in loan funds through the BCTC process, tonegotiate land claims and self-government, and with such indebtedness thefederal and provincial governments seem to have the First Nations Summit
membership “over a barrel”. Once the meter is running the government usesthese loans as leverage to try and force First Nations to make concessions.
Federal Treaty Formula
One First Nations organization did an analysis of the basic formula inComprehensive Claims negotiations, which states:
Loans: The government “loans” you money to negotiate. In BC, theformula for negotiations is 80% loans, 20% grants. In other parts of thecountry, its 100% or slightly different variations. These loans are deducted from the final amount. In his 2001 Report, the Auditor-General of Canada expressed concern that,for some First Nations, the amount of their negotiation loans is approaching 50% of what they expect to get in a final settlement.Cash: Although the cash component of a final agreement is called “compensation”, it does not relate to the amount of Aboriginal lands and resources that were taken in the past. It’s not even tied to existing natural resource revenues from the territories in question. Instead, it is a fixed amount of around $25,000 per person (depending onhow much settlement land is involved—more land, less cash.) For a First Nation of 500 members, this would amount to a one-time payout of about $12.5 million, in exchange for giving up Aboriginal Rights and Title forever.
To put this amount into perspective, consider how much activities like hydro,forestry, mining and tourism generate per year within each First Nationterritory. This amount does not include how much has been taken out of eachFirst Nation territory since the 1600’s or the 1800’s, when European settlementand encroachment occurred, or how much will be taken out in the future.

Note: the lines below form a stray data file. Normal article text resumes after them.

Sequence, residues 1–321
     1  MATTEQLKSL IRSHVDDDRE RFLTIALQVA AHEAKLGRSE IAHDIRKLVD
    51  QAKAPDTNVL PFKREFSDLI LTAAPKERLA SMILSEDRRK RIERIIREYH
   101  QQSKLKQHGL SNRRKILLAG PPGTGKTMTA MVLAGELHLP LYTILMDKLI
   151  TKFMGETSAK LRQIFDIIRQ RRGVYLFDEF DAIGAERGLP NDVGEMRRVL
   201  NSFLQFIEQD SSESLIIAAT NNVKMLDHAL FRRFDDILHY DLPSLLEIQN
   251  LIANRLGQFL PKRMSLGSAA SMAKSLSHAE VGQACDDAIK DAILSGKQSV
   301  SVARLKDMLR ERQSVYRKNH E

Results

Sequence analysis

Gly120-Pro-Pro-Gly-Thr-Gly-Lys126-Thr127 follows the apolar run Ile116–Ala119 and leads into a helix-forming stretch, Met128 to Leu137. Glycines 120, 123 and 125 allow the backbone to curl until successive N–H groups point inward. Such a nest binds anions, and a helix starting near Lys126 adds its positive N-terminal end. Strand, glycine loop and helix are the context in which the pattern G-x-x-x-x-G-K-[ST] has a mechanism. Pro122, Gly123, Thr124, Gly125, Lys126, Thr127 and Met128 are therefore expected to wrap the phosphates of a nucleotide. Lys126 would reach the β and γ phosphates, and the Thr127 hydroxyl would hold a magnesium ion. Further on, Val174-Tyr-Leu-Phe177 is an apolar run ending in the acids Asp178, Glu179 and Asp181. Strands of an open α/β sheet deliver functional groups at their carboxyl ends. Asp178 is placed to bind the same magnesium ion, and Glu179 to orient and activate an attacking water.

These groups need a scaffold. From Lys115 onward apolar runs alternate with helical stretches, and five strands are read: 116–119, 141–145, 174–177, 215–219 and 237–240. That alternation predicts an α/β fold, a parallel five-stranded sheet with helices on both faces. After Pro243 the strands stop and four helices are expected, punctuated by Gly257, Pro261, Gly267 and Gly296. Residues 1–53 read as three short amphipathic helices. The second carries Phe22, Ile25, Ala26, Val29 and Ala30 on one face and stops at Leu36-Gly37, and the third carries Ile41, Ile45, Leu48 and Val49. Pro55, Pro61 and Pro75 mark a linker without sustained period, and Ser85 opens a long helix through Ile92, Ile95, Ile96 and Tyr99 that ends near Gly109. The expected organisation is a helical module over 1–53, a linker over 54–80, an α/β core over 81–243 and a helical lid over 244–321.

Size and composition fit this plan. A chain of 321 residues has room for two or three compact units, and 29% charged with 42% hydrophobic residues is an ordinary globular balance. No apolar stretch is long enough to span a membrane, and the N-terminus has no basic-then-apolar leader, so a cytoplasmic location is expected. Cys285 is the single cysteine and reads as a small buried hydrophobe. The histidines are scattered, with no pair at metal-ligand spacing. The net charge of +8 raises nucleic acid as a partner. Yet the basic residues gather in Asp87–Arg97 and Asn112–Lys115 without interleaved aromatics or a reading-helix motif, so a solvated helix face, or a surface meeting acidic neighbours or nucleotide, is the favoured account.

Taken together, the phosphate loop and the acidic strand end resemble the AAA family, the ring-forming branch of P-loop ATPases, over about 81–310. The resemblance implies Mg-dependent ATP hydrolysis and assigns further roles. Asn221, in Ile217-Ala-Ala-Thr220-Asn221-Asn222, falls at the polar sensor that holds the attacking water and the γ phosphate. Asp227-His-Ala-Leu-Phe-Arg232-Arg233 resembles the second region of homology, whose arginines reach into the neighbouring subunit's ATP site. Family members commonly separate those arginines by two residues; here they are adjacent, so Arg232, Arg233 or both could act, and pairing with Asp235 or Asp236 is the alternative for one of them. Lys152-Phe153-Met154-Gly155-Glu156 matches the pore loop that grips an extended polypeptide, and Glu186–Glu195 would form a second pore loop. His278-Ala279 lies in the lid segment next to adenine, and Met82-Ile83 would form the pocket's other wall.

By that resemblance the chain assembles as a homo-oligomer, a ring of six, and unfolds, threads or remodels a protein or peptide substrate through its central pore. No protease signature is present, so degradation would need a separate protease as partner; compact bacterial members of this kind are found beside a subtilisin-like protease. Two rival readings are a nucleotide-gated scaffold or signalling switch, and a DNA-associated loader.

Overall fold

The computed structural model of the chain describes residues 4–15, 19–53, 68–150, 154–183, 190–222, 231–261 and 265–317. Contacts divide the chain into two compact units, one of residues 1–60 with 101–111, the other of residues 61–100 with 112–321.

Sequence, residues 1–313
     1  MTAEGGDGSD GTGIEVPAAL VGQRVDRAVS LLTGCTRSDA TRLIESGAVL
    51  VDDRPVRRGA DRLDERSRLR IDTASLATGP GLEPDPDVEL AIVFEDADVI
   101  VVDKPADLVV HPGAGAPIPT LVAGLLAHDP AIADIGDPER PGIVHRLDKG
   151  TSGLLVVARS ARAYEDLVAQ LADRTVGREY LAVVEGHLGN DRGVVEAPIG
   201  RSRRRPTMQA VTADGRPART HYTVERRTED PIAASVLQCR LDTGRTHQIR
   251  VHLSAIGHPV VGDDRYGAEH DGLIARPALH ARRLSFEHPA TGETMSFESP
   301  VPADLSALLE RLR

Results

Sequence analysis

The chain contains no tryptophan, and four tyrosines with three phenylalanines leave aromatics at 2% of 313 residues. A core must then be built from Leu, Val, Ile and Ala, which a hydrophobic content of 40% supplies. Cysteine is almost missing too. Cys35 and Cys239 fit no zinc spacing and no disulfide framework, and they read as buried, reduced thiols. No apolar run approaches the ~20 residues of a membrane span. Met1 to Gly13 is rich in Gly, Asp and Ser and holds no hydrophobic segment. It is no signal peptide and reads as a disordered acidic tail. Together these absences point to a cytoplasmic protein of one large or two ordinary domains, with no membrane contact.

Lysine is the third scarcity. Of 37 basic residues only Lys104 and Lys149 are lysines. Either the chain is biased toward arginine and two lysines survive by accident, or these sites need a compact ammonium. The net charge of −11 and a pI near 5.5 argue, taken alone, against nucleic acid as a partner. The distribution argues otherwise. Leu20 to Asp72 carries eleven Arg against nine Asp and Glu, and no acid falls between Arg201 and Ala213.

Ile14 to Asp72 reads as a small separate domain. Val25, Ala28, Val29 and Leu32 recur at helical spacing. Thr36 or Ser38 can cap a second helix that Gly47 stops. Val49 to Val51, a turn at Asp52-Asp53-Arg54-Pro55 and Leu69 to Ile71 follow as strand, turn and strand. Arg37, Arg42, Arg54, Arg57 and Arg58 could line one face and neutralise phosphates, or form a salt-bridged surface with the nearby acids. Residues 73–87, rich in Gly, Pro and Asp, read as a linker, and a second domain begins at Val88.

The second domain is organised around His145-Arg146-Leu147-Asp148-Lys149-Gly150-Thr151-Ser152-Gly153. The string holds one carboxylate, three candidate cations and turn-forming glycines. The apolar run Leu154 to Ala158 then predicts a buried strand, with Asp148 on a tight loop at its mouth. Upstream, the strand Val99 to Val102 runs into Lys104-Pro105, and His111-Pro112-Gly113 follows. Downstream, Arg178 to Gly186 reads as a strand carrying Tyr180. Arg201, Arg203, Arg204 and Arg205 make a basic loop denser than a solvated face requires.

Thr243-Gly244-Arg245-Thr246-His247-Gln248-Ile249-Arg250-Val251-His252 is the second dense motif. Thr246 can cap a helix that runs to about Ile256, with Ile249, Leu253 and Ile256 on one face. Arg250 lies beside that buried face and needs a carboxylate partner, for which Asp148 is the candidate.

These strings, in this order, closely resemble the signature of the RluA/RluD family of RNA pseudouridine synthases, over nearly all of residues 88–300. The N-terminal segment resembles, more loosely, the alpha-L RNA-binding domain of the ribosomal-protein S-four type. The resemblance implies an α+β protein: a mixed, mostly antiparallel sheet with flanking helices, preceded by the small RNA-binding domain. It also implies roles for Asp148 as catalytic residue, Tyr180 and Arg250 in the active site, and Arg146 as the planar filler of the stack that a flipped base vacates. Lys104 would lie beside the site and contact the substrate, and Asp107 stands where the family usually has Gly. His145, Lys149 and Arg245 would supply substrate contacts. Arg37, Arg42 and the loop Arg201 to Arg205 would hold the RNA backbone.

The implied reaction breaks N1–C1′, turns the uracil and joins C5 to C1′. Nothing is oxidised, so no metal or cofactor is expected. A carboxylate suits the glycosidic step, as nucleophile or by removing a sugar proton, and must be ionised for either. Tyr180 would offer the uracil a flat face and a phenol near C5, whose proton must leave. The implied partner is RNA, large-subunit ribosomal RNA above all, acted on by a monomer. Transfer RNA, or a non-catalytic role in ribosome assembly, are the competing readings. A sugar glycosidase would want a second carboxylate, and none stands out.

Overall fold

Land: The land component, like the cash component, is within a range. From the most recent figures that have been made public [circa March2002], First Nations in BC are being offered on average about 9.29 hectares (23 acres) per person, in addition to any Reserve lands already held. Thereis some variation depending on provincial government policy, whether thelands are urban, rural, or remote (the more urban the less land). Theamount of land is also balanced against how much cash is on the table(more cash, less land). All Reserve status is to be given up. Settlement lands are to be held in “feesimple” by a First Nation corporation, and subject to federal, provincial and municipal laws. The corporation will replace the First Nation as theland holding entity, and this will formally break the link between the First Nation and its Aboriginal Title. These lands will become part of the provincial land system. These lands will become subject to taxation. (see below)